"In these stories, from Biloxi to Hattiesburg, from Jackson to Oxford, the various crimes of the heart or doomed deeds of fractured households are carried out in real Mississippi locales . . . Are a devilishly wrought introduction to writers with a feel for Mississippi who are pursuing lonely, haunting paths of the imagination."--Associated Press Long-listed for The Morning News 2017 Tournament of Books"The big city has no lock on misery in these 16 portraits of dark doings in the Deep South."--Kirkus Reviews"Mississippi, as Franklin notes in his introduction, has the most corrupt government, the highest rate of various preventable ills, and the highest poverty rate in the country. In short, the state is a natural backdrop for noir fiction. The 16 stories...emerge from a cauldron of sex, race, ignorance, poverty, bigotry, misunderstanding, and sheer misfortune."--Publishers Weekly"With the most corrupt government, the highest rate of preventable diseases, and the highest poverty rate in the country, Mississippi is a natural fit for Akashic's noir anthology series."--Publishers Weekly, Fall 2016 Announcements"Mississippi is the perfect setting for the latest volume in Akashic’s long-running noir series . . . The most memorable pieces take the definition of noir beyond the expected: William Boyle’s 'Most Things Haven’t Worked Out' is reminiscent of the gothic fatalism in Flannery O’Connor’s stories, while Michael Kardos’s 'Digits,' about a writing teacher whose students come to class with fewer and fewer fingers, veers into Shirley Jackson territory."--Library Journal"Maybe it’s the oppressive heat and humidity, or maybe it’s the high rates of poverty, crime and corruption that plague this southern state. Whatever the reason, Mississippi is the perfect setting for a good noir story . . . [The Noir series] is adept at finding the dark underbelly of cities big and small, but it has produced a unique, delicious flavor of noir fiction with this Mississippi installment."--New York Daily News"These chilling stories . . . consistently embody the ideal of noir writing with a strong sense of place . . . These pages drip with Mississippi humidity. Fans of classic noir will be pleased and rooted in this redolent setting."--Shelf Awareness for ReadersAkashic Books continues its groundbreaking series of original noir anthologies, launched in 2004 with Brooklyn Noir. Each story is set in a distinct neighborhood or location within the geographic area of the book.Brand-new stories by: Ace Atkins, William Boyle, Megan Abbott, Jack Pendarvis, Dominiqua Dickey, Michael Kardos, Jamie Paige, Jimmy Cajoleas, Chris Offutt, Michael Farris Smith, Andrew Paul, Lee Durkee, Robert Busby, John M. Floyd, RaShell R. Smith-Spears, and Mary Miller.From the introduction by Tom Franklin:"Welcome to Mississippi, where a recent poll shows we have the most corrupt government in the United States. Where we are first in infant mortality, childhood obesity, childhood diabetes, teenage pregnancy, adult obesity, adult diabetes. We also have the highest poverty rate in the country. And, curiously, the highest concentration of kick-ass writers in the country too. Okay, maybe that's not a Gallup pollcertified statistic, but we do have more than our fair share of Pulitzers and even a Nobel...I could go on, and in fact I do, in this very anthology...Here are sixteen stories from seasoned noir writers like Ace Atkins and Megan Abbott as well as Mississippi's new generation of noirists, authors like William Boyle and Michael Kardos. You'll also find unknown, first-time-published writers like Dominiqua Dickey and Jimmy Cajoleas, who won't remain unknown for long. I'm thrilled to bring these writers to you. In Alabama, where I grew up, we had a saying: Thank God for Mississippi, otherwise we'd be at the bottom in everything.Welcome to the bottom."Show book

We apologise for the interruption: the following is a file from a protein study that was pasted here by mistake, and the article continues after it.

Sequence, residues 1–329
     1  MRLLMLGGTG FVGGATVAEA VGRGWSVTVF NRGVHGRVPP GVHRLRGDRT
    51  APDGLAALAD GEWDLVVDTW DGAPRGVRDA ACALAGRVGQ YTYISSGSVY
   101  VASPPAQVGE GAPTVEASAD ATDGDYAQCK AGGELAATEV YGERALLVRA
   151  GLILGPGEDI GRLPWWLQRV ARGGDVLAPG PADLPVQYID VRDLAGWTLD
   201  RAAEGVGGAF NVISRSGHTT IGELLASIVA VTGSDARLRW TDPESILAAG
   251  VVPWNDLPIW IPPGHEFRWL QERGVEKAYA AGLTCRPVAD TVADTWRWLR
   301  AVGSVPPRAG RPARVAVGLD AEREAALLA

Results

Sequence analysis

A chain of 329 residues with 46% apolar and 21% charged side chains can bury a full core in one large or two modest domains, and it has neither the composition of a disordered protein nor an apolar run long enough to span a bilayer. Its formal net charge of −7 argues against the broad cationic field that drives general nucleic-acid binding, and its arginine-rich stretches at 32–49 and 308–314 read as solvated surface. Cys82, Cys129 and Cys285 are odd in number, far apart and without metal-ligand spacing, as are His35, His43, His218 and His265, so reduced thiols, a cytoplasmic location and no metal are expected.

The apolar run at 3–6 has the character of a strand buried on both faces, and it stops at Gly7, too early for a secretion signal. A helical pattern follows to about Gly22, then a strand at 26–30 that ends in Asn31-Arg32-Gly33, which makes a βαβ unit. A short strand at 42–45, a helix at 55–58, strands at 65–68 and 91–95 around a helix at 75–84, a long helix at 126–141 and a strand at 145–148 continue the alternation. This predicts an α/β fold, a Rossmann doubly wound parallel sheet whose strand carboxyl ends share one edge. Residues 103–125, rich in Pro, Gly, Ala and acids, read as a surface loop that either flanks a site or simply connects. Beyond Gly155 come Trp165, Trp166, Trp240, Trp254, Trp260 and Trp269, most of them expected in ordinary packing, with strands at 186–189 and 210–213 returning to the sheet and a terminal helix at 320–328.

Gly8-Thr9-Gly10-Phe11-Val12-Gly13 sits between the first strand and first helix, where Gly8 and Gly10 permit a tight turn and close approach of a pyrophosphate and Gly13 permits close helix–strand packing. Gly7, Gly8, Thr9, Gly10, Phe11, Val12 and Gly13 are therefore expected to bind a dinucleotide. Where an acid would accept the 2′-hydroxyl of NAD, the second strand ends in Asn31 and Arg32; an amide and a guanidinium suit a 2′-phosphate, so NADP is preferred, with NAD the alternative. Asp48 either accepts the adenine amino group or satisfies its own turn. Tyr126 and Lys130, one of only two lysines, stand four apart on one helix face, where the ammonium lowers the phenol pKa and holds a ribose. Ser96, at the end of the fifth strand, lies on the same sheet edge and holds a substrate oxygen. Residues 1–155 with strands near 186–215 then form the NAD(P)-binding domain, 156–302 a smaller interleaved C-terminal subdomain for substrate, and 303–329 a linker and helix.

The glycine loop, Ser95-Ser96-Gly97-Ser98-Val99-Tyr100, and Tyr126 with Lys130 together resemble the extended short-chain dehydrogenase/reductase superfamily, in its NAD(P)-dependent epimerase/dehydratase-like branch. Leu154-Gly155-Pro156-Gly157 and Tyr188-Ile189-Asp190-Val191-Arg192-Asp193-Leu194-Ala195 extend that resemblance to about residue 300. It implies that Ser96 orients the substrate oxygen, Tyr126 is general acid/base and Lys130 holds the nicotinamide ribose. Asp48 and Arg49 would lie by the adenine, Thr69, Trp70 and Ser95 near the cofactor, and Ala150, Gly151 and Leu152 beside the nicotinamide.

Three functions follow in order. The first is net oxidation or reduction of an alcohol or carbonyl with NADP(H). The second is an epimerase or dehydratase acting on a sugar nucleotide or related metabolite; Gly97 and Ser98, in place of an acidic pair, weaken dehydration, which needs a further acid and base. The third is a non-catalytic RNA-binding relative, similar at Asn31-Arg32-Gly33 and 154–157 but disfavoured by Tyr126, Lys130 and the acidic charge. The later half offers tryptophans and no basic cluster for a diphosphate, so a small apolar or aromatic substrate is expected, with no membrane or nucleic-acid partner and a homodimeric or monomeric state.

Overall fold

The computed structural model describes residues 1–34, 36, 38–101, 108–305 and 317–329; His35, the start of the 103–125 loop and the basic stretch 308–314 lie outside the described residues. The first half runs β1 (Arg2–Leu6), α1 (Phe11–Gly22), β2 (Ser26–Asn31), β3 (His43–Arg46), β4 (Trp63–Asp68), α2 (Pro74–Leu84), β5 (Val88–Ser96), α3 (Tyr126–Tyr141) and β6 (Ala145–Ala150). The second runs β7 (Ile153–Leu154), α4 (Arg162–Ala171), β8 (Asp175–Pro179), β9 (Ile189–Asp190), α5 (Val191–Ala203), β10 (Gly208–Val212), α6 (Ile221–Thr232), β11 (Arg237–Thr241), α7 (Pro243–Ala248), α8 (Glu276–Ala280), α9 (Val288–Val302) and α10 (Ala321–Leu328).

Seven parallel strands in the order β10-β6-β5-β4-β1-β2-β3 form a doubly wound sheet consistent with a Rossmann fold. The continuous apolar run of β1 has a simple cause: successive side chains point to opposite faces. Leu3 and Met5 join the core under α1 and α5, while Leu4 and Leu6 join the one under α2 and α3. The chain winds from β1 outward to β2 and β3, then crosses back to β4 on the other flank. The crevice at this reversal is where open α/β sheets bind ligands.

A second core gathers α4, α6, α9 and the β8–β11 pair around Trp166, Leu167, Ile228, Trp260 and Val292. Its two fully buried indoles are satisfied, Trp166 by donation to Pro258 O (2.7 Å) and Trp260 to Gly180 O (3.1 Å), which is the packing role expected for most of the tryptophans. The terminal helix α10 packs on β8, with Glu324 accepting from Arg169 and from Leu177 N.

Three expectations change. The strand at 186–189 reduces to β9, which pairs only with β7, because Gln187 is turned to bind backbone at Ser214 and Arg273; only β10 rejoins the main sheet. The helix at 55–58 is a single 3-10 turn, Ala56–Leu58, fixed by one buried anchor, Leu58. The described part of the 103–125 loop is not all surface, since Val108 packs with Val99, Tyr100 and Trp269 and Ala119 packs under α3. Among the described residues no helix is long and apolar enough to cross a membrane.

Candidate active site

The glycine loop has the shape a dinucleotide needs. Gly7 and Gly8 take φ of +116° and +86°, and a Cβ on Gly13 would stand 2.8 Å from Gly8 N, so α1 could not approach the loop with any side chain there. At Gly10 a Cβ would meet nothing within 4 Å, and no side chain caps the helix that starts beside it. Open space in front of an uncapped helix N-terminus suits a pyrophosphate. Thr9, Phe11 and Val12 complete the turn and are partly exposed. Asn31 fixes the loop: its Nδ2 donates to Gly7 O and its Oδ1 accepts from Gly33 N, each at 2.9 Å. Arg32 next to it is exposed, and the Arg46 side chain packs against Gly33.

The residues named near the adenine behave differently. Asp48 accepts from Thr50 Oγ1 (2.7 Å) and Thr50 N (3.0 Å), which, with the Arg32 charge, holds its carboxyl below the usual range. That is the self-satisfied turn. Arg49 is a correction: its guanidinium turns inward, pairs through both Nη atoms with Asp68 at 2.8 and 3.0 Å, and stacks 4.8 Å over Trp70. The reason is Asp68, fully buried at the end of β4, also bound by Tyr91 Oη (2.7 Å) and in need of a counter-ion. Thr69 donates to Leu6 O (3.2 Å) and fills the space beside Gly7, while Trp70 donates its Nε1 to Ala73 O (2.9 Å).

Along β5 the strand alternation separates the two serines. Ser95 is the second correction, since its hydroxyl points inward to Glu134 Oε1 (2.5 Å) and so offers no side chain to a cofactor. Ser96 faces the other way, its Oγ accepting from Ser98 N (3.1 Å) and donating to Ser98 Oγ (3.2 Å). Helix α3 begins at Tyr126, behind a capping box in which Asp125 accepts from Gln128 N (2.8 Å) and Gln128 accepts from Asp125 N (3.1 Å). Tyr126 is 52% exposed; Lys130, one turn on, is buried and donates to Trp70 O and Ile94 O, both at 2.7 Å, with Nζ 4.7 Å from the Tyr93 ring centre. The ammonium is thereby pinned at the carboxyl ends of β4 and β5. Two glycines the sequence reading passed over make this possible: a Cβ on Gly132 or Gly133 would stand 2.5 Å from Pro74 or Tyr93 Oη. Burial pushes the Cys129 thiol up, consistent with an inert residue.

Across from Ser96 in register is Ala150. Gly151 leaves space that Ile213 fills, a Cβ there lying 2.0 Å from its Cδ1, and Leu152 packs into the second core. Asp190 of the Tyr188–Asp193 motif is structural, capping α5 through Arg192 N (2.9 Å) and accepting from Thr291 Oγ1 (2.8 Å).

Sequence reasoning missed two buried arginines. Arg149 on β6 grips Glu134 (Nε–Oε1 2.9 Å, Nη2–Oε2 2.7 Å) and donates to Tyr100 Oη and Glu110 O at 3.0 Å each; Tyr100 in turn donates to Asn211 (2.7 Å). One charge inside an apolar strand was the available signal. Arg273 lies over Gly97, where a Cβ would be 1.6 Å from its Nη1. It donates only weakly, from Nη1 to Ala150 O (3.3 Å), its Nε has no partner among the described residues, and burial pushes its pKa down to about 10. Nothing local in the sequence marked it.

Boston Noir 2 - The Classics